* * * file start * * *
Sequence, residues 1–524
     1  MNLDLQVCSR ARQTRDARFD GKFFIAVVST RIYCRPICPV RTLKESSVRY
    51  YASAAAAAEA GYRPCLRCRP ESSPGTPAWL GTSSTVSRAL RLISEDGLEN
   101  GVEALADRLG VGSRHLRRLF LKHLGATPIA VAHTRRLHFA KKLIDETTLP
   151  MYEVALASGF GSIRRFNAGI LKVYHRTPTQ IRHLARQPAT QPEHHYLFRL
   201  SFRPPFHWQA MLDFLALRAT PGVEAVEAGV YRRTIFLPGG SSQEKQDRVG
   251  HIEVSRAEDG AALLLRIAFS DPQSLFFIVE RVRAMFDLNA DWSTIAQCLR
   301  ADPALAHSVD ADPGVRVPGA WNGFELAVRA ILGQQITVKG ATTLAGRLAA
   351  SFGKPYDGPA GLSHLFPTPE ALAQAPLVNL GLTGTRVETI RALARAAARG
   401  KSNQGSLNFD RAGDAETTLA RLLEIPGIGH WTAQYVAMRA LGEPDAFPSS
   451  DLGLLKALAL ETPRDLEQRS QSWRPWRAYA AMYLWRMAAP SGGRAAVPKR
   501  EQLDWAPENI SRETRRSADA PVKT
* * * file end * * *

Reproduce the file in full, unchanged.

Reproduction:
Sequence, residues 1–524
     1  MNLDLQVCSR ARQTRDARFD GKFFIAVVST RIYCRPICPV RTLKESSVRY
    51  YASAAAAAEA GYRPCLRCRP ESSPGTPAWL GTSSTVSRAL RLISEDGLEN
   101  GVEALADRLG VGSRHLRRLF LKHLGATPIA VAHTRRLHFA KKLIDETTLP
   151  MYEVALASGF GSIRRFNAGI LKVYHRTPTQ IRHLARQPAT QPEHHYLFRL
   201  SFRPPFHWQA MLDFLALRAT PGVEAVEAGV YRRTIFLPGG SSQEKQDRVG
   251  HIEVSRAEDG AALLLRIAFS DPQSLFFIVE RVRAMFDLNA DWSTIAQCLR
   301  ADPALAHSVD ADPGVRVPGA WNGFELAVRA ILGQQITVKG ATTLAGRLAA
   351  SFGKPYDGPA GLSHLFPTPE ALAQAPLVNL GLTGTRVETI RALARAAARG
   401  KSNQGSLNFD RAGDAETTLA RLLEIPGIGH WTAQYVAMRA LGEPDAFPSS
   451  DLGLLKALAL ETPRDLEQRS QSWRPWRAYA AMYLWRMAAP SGGRAAVPKR
   501  EQLDWAPENI SRETRRSADA PVKT